The degree was to alter, however, by swift shades, just as one's comprehension of the change grew and grew with it; and thus it was that, to cut short the record of our steps and stages, we have left immeasurably behind us here the question of what might or what should have been. That belonged, with whatever beguiled or amused ways of looking at it, to the abyss of our past delusion, a collective state of mind in which it had literally been possible to certain sophists to argue that, so far from not having soldiers enough, we had more than we were likely to know any respectable public call for. It was in the very fewest weeks that we replaced a pettifogging consciousness by the most splendidly liberal, and, having swept through all the first phases of anxiety and suspense, found no small part of our measure of the matter settle down to an almost luxurious study of our multiplied defenders after the fact, as I may call it, or in the light of that acquaintance with them as products supremely tried and tested which I began by speaking of. We were up to our necks in this relation before we could turn round, and what upwards of a year's experience of it has done in the contributive and enriching way may now well be imagined. I might feel that my marked generalisation, the main hospital impression, steeps the case in too strong or too stupid a synthesis, were it not that to consult my memory, a recollection of countless associative contacts, is to see the emphasis almost absurdly thrown on my quasi-paradox. Just so it is of singular interest for the witnessing mind itself to feel the happy truth stoutly resist any qualifying hint—since I am so struck with the charm, as I can only call it, of the tone and temper of the man of action, the creature appointed to advance and explode and destroy, and elaborately instructed as to how to do these things, reduced to helplessness in the innumerable instances now surrounding us. It does n't in the least take the edge from my impression that his sweet reasonableness, representing the opposite end of his wondrous scale, is probably the very oldest story of the touching kind in the world; so far indeed from my claiming the least originality for the appealing appearance as it has lately reached me from so many sides, I find its suggestion of vast communities, communities of patience and placidity, acceptance submission pushed to the last point, to be just what makes the whole show most illuminating.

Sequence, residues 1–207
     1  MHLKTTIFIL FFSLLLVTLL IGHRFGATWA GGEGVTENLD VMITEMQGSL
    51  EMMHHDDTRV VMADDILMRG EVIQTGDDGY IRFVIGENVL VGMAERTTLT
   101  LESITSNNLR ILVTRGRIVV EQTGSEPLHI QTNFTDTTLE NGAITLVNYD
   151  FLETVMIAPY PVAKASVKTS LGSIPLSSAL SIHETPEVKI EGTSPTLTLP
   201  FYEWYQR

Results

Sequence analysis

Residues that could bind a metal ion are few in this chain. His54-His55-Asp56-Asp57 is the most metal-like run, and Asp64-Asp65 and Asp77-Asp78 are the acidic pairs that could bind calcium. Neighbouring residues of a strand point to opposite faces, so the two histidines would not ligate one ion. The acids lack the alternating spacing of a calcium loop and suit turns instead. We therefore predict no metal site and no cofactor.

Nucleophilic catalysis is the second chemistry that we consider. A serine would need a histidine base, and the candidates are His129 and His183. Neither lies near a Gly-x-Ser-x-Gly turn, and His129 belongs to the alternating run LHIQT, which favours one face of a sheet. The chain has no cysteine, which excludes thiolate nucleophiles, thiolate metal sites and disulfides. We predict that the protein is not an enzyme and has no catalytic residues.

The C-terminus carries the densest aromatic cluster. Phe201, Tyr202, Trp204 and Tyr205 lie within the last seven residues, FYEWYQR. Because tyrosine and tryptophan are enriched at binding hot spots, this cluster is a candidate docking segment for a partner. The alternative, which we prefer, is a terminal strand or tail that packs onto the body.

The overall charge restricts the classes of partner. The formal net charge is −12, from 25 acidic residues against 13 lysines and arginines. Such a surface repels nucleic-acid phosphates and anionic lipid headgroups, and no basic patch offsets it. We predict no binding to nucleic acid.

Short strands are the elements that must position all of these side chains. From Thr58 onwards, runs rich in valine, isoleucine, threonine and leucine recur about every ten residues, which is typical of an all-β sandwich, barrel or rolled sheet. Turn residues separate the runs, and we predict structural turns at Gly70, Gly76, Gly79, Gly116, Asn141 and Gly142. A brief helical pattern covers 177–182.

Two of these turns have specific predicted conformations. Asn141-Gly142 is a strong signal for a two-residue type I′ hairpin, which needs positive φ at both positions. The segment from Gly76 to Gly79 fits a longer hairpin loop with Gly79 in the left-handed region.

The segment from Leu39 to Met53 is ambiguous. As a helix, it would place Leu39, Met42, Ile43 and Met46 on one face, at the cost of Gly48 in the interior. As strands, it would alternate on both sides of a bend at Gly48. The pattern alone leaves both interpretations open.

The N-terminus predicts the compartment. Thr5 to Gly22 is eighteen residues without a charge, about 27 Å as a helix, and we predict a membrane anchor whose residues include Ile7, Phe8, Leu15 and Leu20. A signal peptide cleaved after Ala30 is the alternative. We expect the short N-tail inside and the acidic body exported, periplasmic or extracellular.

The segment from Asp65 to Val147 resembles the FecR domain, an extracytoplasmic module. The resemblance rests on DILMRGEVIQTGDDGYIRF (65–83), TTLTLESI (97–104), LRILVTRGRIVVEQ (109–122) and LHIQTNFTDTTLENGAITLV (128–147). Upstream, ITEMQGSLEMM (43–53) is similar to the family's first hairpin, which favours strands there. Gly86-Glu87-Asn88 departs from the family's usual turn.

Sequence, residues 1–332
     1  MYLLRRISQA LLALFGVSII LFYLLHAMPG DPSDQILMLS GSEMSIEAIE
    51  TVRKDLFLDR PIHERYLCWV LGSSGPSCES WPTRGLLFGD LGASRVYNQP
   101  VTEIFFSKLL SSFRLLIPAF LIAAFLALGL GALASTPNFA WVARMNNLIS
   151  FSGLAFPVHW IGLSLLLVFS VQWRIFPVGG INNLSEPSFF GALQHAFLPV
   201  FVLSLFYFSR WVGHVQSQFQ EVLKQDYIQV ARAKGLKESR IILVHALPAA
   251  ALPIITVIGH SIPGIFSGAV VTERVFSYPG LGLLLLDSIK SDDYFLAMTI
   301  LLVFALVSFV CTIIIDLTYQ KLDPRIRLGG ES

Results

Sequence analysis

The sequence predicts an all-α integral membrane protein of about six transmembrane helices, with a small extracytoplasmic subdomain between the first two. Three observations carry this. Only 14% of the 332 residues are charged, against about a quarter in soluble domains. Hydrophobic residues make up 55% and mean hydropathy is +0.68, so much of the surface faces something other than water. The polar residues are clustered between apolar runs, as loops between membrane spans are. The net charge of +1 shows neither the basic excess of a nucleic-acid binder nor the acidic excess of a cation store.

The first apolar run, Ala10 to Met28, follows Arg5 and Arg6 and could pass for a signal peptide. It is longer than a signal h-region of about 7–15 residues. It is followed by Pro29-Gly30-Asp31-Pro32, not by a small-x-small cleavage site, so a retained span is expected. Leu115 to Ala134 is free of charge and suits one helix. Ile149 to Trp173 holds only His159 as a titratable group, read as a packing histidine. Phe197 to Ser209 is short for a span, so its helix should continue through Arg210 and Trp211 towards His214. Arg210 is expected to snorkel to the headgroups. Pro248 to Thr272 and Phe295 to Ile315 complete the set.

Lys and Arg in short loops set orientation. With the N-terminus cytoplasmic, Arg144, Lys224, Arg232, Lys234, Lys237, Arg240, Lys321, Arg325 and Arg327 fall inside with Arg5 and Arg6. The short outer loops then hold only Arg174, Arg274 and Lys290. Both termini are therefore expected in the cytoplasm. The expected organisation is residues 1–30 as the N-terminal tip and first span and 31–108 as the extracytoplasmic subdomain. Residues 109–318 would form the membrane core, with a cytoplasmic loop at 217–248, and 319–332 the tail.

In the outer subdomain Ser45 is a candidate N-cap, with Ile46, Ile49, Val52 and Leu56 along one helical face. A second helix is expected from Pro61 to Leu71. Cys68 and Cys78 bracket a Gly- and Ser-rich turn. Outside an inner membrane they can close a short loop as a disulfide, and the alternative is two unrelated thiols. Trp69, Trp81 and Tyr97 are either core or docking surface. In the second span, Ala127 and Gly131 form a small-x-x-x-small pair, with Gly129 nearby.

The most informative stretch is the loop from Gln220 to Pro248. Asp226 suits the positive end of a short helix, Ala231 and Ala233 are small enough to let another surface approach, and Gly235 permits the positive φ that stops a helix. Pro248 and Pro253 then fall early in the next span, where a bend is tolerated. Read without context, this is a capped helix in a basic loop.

"Wonderful that, from east to west, they must all be like this," one says to one's self in presence of certain consistencies, certain positive monotonies of aspect; "wonderful that if joy of battle (for the classic term, in spite of new horrors, seems clearly still to keep its old sense,) has, to so attested a pitch, animated these forms, the disconnection of spirit should be so prompt and complete, should hand the creature over as by the easiest turn to the last refinements of accommodation. The disconnection of the flesh, of physical function in whatever ravaged area, that may well be measureless; but how interesting, if the futility of such praise doesn't too much dishonour the subject, the exquisite anomaly of the intimate readjustment of the really more inflamed and exasperated part, or in other words of the imagination, the captured, the haunted vision, to life at its most innocent and most ordered! "To that point one's unvarying thought of the matter; which yet, though but a meditation without a conclusion, becomes the very air in which fond attention spends itself. So far as commerce of the acceptable, the tentatively helpful kind goes, one looks for the key to success then, among the victims, exactly on that ground of the apprehension pacified and almost, so to call it, trivialised. The attaching thing becomes thus one's intercourse with the imagination of the particular patient subject, the individual himself, in the measure in which this interest bears us up and carries us along; which name for the life of his spirit has to cover, by a considerable stretch, all the ground. By the stretch of the name, moreover, I am far from meaning any stretch of the faculty itself—which remains for the most part a considerably contracted or inert force, a force in fact often so undeveloped as to be insusceptible of measurement at all, so that one has to resort, in face of the happy fact that communion still does hold good, to some other descriptive sign for it. That sign, however, fortunately presents itself with inordinate promptitude and fits to its innocent head with the last perfection the cap, in fact the very crown, of an office that we can only appraise as predetermined goodnature. We after this fashion score our very highest on behalf of a conclusion, I think, in feeling that whether or no the British warrior's goodnature has much range of fancy, his imagination, whatever there may be of it, is at least so goodnatured as to show absolutely everything it touches, everything without exception, even the worst machinations of the enemy, in that colour. Variety and diversity of exhibition, in a world virtually divided as now into hospitals and the preparation of subjects for them, are, I accordingly conceive, to be looked for quite away from the question of physical patience, of the general consent to suffering and mutilation, and, instead of that, in this connection of the sort of mind and thought, the sort of moral attitude, that are born of the sufferer's other relations; which I like to think of as being different from country to country, from class to class, and as having their fullest national and circumstantial play.